I think I'll repeat that when Hattie says 'group' effects are stronger than 'individualized instruction,' he means cooperative learning AND competitive learning: i.e. competition between or amongst groups or teams.

Now that I've thought of it this way, it makes a lot of sense. C's classes at Hogwarts have 28 kids & are taught via whole-group instruction, and they are jolly. All last year I had the sense that there is something incredibly 'friendly' about a large, cohesive class -- and I guess what I was perceiving was a group effect.

People are social animals - maybe teens especially!

At Hogwarts you have all boys, all dressed in school uniforms, and all attending fairly large classrooms listening to the same thing at the same time ---

It reminds me of the time, years ago, when I got a last minute ticket to a Bruce Springsteen concert. It was an open-air stadium & my friend and I were just a couple of rows down from the top --- and at one point it hit me: there is a particular kind of pleasure to be had when 30,000 people are thinking and doing the exact same thing at the exact same time and in the exact same place.

Catherine Johnson said...

btw, I also found an explanation of 'peer tutoring' - which turns out to be NOTHING like what I had thought.

It's a specific concept, invented by (I think) a specific school, and it's a form of competition.

I'll get that posted.

Anonymous said...

Catherine, the effect you note with training for cross-country (which I've also observed) is quite different from "cooperative learning." In that sports situation, children/teens are not being expected to collaborate on a complex, multi-step, somewhat undefined project. All they're expected to do is run, with the example of the faster runners having a motivating effect on the slower ones.

"Cooperative learning," as the term is used in instructional settings (and vaguely alluded to in the meta-analysis referenced above) usually means a team research and presentation process where each student performs a part of the whole. This can range from each student actually doing some sort of research (from interviewing someone to looking something up on the internet to finding pictures of something, etc etc) to a more differentiated process where one student does research, one facilitates a conversation where research findings are discussed, one records, one writes the results down, and one presens verbally (for example). As you can see, this can be a worthwhile experience ONCE IN A WHILE. It's not an effecient way to learn content or even learn research skills. And the devil is in the details, especially when roles such as "provider of refreshments" or "timekeeper" are added in -- those students are not learning anything remotely related to the task at hand.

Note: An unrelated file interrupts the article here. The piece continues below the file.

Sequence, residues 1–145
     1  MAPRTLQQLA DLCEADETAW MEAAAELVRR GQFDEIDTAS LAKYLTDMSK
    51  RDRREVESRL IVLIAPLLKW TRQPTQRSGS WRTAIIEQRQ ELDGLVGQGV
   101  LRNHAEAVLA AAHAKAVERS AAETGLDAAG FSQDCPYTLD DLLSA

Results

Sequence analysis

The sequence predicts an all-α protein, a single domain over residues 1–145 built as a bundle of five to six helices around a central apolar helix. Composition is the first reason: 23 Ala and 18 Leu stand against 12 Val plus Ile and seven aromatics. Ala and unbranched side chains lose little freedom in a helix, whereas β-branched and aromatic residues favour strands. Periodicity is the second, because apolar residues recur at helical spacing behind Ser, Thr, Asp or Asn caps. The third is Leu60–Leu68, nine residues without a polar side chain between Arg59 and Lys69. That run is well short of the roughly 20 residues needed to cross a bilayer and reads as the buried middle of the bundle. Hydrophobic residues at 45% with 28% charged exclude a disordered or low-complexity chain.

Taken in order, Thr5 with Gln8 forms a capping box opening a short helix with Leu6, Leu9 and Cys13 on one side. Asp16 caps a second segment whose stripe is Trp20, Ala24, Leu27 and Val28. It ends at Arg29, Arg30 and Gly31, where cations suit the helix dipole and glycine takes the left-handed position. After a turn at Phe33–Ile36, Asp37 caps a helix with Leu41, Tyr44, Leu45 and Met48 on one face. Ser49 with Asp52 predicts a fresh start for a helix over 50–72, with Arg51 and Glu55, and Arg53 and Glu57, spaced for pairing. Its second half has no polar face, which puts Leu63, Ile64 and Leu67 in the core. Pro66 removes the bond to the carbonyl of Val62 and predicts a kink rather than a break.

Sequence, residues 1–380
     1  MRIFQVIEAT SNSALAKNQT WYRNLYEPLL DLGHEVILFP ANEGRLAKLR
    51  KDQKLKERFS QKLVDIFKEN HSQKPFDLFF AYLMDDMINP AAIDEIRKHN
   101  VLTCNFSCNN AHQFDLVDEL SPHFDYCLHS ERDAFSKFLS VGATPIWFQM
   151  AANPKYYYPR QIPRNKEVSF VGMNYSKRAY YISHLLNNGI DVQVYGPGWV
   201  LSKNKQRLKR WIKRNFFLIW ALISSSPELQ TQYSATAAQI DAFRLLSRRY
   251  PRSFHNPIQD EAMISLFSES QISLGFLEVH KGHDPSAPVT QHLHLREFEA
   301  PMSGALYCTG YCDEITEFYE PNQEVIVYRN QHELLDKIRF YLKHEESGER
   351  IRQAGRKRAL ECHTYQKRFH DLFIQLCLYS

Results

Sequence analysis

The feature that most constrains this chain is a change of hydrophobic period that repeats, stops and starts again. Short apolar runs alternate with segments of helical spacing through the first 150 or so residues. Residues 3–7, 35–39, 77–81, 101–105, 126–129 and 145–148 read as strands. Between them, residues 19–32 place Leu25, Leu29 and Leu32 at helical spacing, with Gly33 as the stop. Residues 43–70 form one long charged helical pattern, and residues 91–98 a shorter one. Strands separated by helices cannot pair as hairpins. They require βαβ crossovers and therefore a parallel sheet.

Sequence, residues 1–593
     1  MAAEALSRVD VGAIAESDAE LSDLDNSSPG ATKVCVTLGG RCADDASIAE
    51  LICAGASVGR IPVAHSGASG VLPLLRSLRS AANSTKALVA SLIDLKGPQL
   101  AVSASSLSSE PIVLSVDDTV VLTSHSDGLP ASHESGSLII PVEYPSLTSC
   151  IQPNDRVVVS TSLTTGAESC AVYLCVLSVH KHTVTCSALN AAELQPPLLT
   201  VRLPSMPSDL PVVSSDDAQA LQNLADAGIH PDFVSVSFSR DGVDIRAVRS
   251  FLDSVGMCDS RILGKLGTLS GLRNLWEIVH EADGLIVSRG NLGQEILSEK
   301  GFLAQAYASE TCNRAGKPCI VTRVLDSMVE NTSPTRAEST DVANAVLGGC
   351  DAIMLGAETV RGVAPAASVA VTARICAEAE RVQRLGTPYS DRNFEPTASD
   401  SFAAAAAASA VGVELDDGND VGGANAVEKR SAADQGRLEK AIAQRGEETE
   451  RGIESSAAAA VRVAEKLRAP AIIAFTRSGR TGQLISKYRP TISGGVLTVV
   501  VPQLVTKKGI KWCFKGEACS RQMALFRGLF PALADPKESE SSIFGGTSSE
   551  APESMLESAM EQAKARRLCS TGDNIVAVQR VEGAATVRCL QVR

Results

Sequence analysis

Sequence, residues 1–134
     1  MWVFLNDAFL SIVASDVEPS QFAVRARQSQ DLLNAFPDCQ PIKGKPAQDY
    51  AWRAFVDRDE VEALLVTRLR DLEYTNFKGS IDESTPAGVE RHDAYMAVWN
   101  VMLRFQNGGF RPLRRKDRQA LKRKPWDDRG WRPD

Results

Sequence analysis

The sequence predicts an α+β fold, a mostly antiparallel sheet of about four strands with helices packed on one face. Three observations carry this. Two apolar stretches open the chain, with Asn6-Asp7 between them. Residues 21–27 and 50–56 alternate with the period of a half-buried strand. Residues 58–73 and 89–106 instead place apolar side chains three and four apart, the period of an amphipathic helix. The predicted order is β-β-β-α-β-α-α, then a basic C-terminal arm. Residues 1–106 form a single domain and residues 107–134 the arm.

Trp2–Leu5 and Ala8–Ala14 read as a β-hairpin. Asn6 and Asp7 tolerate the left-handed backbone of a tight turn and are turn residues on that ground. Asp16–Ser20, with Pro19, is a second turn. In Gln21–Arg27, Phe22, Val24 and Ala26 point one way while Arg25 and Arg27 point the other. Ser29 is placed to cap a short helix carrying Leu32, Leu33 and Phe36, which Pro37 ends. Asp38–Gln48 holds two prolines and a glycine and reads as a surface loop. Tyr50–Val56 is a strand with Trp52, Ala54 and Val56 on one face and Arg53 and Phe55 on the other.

The fact that a learning module involves whole-group instruction is actually the reverse of cooperative learning, to most of its advocates. There, the relevant unit is a group, but the students are not cooperating with each other, they're consuming the teacher-provided instruction. As another "guerilla instructivist," I think that's a good thing, as long as the instruction gets the job done.

Does that respond to your questions?

le radical galoisien said...
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le radical galoisien said...

It seems to me that the best way to use the method would be to use competing groups. Thus, the researcher is competing against other researchers; the presenter is competing against other presenters.

And of course, the competitive aspect will have to be emphasised for the competitive aspect to have full effect -- that is, competing researchers should have ample chances to see what other researchers are doing.

If performance is reviewed (between groups) every 5 minutes, rather than at the end of the week, that would motivate groups to outcompete each other, because they can see they are falling behind. Just like slow runners are basically getting performance reviews every time they take a breath.